Author’s note: 20×2 is sort of like The Moth in 2 minutes. It’s an opportunity for an eclectic mix of people to answer a question in 2 minutes, using whatever medium they like. I chose to tell a story about a night that shaped me, and still shapes me today. The full text (with some small changes on stage) and video of that performance are below.
It was early December 2008 in New York City and birthday was fast approaching. And this one would be my 30th.
To me, turning 30 meant it was time to be an adult, and when it came to adulting, my mom was my inspiration. She was kind, thoughtful, and dedicated her life to so that my brother and I would have more than she did. When I was too nerdy to have many friends, she was was there for me. When other kids picked on me, she made me feel special. I looked up to her for her kindness and generosity, and I share those same qualities today because of her.
She loved the winter, and as a SoCal girl by birth, the novelty of snow never got old. She loved it like nothing else. I was really looking forward to celebrating the holiday season with her. I always tried to make her Christmases special, and this year was going to be no different. She had been very sick the last three Christmases, but now she was finally doing better.
After an evening of holiday fun with some friends, my girlfriend and I drove back to our apartment in Queens. As we were driving up into the garage, a call came in on my cell phone. An ambulance had come to my mom’s house. She was not responsive. She was off to the hospital and it didn’t look good.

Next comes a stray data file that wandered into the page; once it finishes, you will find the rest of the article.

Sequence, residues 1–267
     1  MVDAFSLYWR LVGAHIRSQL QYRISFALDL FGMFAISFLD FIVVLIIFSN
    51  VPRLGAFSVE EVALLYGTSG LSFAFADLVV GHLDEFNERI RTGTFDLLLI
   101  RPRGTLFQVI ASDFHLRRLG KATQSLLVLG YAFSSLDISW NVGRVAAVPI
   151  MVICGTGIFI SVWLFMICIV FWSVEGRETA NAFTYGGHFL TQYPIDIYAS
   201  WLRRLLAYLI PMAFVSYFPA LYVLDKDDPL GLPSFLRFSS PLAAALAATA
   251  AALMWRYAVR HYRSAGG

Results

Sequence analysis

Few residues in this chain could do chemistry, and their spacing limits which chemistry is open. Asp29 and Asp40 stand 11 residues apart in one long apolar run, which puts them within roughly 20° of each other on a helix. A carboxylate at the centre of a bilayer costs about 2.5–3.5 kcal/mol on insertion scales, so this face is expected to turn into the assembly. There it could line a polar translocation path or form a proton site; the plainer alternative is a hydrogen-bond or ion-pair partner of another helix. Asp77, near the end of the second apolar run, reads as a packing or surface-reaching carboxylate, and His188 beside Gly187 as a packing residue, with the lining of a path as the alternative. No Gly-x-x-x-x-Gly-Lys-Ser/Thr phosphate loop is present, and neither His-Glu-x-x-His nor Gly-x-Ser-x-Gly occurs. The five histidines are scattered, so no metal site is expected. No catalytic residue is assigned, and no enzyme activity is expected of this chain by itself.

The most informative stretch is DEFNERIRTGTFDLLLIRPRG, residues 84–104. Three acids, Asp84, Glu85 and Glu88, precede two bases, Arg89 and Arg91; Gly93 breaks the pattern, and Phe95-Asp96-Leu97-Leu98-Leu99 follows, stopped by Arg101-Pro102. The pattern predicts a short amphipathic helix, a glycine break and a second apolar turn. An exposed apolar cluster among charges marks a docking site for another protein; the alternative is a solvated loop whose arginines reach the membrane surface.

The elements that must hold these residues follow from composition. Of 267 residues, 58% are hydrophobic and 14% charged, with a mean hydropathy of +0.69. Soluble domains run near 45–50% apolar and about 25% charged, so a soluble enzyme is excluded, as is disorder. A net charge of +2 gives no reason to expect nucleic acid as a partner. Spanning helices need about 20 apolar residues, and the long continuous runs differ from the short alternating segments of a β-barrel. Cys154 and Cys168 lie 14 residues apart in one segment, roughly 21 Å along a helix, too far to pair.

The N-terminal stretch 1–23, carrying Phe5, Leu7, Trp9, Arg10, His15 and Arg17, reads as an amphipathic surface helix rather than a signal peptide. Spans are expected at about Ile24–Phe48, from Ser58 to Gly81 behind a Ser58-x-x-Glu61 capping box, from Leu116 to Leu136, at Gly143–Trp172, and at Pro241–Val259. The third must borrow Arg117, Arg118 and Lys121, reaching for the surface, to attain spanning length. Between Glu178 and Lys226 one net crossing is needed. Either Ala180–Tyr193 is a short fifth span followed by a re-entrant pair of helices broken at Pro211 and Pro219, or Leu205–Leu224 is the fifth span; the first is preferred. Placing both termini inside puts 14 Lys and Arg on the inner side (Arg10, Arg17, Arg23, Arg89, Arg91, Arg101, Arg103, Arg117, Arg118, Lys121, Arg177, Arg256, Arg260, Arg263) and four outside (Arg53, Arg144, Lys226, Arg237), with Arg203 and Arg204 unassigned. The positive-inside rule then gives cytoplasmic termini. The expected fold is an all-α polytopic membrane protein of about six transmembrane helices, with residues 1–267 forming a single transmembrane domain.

We immediately drove to the hospital, and on the way, it started to snow — the first snowfall of the season. They were these beautiful, small, white flakes. It was like right out of a movie. It was at that moment I knew she was gone. 2 weeks before my birthday. 3 weeks before Christmas. The snow was her goodbye to us. It was her way of telling me that it would be ok. The snow calmed me. But, suddenly turning 30 didn’t seem to matter anymore.
There’s a point where you realize that your parents have done all they can for you, and you’re really on your own for the rest of your life. But you don’t ever see it coming. And you don’t really know what to do when it happens. And it was happening to me, 12 days before my 30th birthday.
My friends and family helped me to move forward. But, to this day, the loss still shapes me. But I know I’ll be ok because I am her son.